It Only Takes a Spark: Words Ignite

“Our brightest blazes of gladness are commonly kindled by unexpected sparks.”–Samuel Johnson

Photo by Pixabay on Pexels.com

Many of my recollections are beginning to take on a dream-like quality, such as the time I was home with Madelyn, our daughter, who was a toddler at the time.  Maddie was sick with a virus.  Continuously, I trotted Maddie to the bathroom, so she could throw up or upstairs to change her diaper.  It seemed impossible that a human so small could continuously produce so much vomit and repeatedly fill diapers.

Things had calmed momentarily, and we were cuddled up together on the couch, when I could feel her stomach begin its heavings.  On instinct, I began my rapid try-not-to-jar-her trot, but still boot-scoot-hurry to the bathroom, so Maddie could once more throw up.  Unfortunately, I could tell there was no stopping the oncoming rush of fluid.  I halted at the kitchen sink, the closest receptacle I could think of, and held her tiny, shaking body there, as she retched into the sink.  (Not the most sanitary choice, I know, but I chalk it up to sleep deprivation.)

Photo by icon0.com on Pexels.com

That’s when I felt the primal niggle.  My brain had noticed something important.  Glancing out the kitchen window, I saw flames spewing forth from the roof of our neighbor’s home.  Orange, red, blue, and yellow flames licked hungrily at the sky.  Black ashes rimmed with orange and red sparks soared toward our house.  I am sure if this had been a movie, the camera would have zoomed in on my widening eyes as the recognition of what was happening began to sink in.  

Fortunately, our neighbor’s were not harmed, their house, though damaged, was repairable, and our house was fine.  The sparks fell silently like dark, angry snowflakes, and without fuel, their brightly burning edges dwindled on the gray concrete on our driveway. 

Photo by Daria Shevtsova on Pexels.com

As a teenage girl, I loved the song, “Pass It On.”  

“It only takes a spark/ to get a fire going/ and soon all those around/ can warm up to its glowing/That’s how it is with God’s love . . .you want to pass it on.”–Kurt Kaiser

Photo by Tomáš Malík on Pexels.com

Words are sparks.  Tiny, miniscule notations of black and white either written or unleashed as phonemes by the tongue, teeth, and lips of a speaker. Eyes or ears take in the message.  Brain receives the message, attaches it to the current mental scaffolding of the reader or listener, and the process of comprehension and interpretation begins.  Input, analysis, and potentially, output.  Information computed, more sparks formed, knowledge is available to pass on.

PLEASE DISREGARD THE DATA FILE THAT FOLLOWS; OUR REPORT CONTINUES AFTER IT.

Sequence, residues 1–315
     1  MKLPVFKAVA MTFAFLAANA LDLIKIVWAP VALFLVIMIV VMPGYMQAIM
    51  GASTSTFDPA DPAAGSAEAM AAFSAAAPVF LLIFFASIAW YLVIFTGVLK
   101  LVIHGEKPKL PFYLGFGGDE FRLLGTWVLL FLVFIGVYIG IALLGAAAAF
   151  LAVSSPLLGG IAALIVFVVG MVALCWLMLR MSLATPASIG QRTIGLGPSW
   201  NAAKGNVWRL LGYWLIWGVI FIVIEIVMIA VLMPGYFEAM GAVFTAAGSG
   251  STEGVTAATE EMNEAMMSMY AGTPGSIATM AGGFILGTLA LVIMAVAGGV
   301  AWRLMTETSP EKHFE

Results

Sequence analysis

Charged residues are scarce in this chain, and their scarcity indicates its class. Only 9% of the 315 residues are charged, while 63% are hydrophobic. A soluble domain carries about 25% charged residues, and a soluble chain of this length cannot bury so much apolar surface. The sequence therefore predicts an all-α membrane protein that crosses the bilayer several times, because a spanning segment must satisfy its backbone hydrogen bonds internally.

Photo by Polina Zimmerman on Pexels.com

Words can be exhilarating.  Finding just the right words increases one’s ability to express a more precise and exact message.  Communication, I would argue, can be down right intoxicating.  Babies can spend countless moments babbling for pure pleasure. Once babies  grasp a few words, however, and realize that those few intonations can command the attention of another human, they want more.  Like a fire blazing in the hearth, the flames of linguistic command demand more fuel in their desire to communicate and exert some measure of control.

The birthplace of Pearl S. Buck, Hillsboro, WV.

Recently, I had the opportunity to visit the birthplace of Pearl S. Buck.  The site itself was closed, but as I stood along the old homestead’s fence line, I imagined Pearl as a baby within those walls.  As I understand it, Buck and her family lived in that home for only a few months.  Nonetheless, my inner narrator could envision her mom singing to her as diapers were changed, and I could hear the voices of both parents talking to baby Pearl throughout the day.  Her parents could not have known that one day Pearl would become a prolific writer, winning both a Pulitzer Prize and the Nobel Peace Prize for the way her writing promoted empathy, compassion, and understanding. They were simply passing on to their daughter the power of communication, and through their ultimate missionary work, modeling beneficial ways words can be used.

Like the floating sparks of the long ago house fire, ashes can soar fiery red, greedily seeking fuel for which to consume, or they can burn down into a pile of harmless ash.  In fact, an accumulation of ash, such as that left over from burning wood in a hearth, can be used as fertilizer for plants as it is full of lime, potassium, and other trace minerals that promote plant production.  Likewise is the potential for the messages we speak and write–fuel for the fire or fertilizer for nourishment.